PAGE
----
New family of Critically Endangered forest elephants spotted, including
three babies (Guinea)
Megan Shersby, Discover Wildlife
July 27, 2021
Conservationists at Fauna & Flora International (FFI) and Centre Forestier
N’Zérékoré are celebrating after their camera traps captured footage of a
family of African forest elephants in the Ziama Forest in Guinea.
The family had not been seen before by any of the local team, and included
three calves. It is thought that less than two dozen African forest
elephants are thought to remain in the country, and that the species may be
on the brink of local extinction.
However the footage of this new family suggests that the species could be
beginning to recover, thanks to the protection of its forest habitat. It is
believed that this family has crossed into Guinea from neighbouring Liberia.
“You never know what you’re going to get when you put out camera traps and
go through the images – but three forest elephant calves in one group was
amazing to see,” says Neus Estela Ribera, FFI’s landscape manager in Guinea.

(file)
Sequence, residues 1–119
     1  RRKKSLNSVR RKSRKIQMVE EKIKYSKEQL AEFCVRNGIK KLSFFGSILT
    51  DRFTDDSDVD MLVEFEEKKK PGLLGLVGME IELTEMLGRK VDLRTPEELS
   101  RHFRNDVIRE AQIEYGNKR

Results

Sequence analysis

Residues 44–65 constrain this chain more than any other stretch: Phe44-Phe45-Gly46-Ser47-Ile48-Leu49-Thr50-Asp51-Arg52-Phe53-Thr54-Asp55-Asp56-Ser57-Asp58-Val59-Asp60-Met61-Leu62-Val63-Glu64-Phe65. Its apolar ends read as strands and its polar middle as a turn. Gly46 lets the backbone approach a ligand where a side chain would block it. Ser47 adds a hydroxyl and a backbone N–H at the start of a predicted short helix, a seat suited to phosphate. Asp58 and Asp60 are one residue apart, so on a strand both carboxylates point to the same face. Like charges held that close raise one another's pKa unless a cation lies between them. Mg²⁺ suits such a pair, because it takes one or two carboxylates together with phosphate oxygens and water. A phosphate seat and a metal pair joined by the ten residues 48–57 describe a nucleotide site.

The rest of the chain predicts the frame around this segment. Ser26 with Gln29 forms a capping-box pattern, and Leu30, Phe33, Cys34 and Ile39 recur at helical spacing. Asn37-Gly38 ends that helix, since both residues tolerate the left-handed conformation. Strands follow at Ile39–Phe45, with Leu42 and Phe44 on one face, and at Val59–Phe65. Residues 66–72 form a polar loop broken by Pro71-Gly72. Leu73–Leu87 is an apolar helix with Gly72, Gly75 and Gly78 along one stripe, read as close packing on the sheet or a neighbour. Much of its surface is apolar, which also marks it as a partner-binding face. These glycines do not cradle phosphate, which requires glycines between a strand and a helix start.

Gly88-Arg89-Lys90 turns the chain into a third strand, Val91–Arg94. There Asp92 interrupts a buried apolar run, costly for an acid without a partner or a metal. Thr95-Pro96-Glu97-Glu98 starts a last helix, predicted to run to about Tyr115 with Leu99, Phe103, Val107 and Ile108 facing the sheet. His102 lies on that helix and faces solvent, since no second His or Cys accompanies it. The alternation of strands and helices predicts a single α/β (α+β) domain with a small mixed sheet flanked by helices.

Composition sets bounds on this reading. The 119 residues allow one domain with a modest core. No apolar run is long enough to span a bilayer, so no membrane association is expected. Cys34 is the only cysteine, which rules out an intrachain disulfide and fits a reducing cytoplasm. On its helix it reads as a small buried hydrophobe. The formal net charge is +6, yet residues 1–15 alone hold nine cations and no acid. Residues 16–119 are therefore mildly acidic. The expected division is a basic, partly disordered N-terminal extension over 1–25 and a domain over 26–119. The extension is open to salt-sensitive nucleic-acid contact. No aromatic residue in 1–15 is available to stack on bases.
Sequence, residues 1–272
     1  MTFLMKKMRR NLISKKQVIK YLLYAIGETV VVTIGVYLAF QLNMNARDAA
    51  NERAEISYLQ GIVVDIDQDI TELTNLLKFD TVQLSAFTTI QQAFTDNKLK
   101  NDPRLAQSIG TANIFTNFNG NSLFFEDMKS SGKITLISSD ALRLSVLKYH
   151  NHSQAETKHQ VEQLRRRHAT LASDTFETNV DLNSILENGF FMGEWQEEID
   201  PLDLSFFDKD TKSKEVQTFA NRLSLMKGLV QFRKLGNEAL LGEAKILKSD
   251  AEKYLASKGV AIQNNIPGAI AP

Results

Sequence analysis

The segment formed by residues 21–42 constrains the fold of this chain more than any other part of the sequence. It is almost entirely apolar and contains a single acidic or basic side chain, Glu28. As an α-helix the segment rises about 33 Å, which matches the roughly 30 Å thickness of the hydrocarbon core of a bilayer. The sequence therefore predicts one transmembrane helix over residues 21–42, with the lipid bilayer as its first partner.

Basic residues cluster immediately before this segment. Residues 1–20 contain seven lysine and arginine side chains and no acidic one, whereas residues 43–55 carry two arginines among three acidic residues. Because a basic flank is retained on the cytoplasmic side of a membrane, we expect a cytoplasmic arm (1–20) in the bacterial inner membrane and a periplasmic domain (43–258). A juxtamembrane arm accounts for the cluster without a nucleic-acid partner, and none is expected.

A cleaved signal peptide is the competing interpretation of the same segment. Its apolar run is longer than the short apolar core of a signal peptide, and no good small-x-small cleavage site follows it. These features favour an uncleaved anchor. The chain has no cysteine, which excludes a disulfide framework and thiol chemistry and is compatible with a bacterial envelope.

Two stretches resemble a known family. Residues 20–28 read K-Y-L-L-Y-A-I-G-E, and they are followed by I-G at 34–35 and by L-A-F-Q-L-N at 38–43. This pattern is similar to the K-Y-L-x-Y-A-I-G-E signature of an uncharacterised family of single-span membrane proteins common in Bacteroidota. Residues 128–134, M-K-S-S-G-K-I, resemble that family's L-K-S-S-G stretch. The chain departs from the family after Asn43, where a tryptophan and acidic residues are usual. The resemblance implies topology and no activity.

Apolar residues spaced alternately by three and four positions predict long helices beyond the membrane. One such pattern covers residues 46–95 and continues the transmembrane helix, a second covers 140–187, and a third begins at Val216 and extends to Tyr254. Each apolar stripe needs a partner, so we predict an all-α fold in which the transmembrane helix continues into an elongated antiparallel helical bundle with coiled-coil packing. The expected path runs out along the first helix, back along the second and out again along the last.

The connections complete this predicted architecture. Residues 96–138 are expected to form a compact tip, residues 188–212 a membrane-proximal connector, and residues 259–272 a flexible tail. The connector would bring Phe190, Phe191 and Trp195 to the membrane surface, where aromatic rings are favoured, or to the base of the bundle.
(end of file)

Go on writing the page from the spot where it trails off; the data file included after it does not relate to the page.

“This is likely a new group that has come across the border from Liberia.
The fact that there are three young elephants with them is a great sign, as
it suggests the population is growing because their forest habitat in this
area of Guinea has been better protected.”
The African forest elephant was only recently confirmed as a separate
species to the African savanna elephant, being smaller and inhabiting
Earlier this year, the IUCN Red List assessed the two as separate species
for the first time, with the African forest elephant classified as
Critically Endangered and the African savannah elephant classified as
The decline of both species has been driven by poaching for ivory and
FFI has been working in Guinea in 2009 to reduce human-wildlife conflict
and deforestation, and no elephants have been poached in the area since
As part of the work, conservationists have been analysing water and soil
samples using technology to find environmental DNA (eDNA). A recent survey
revealed 112 different species.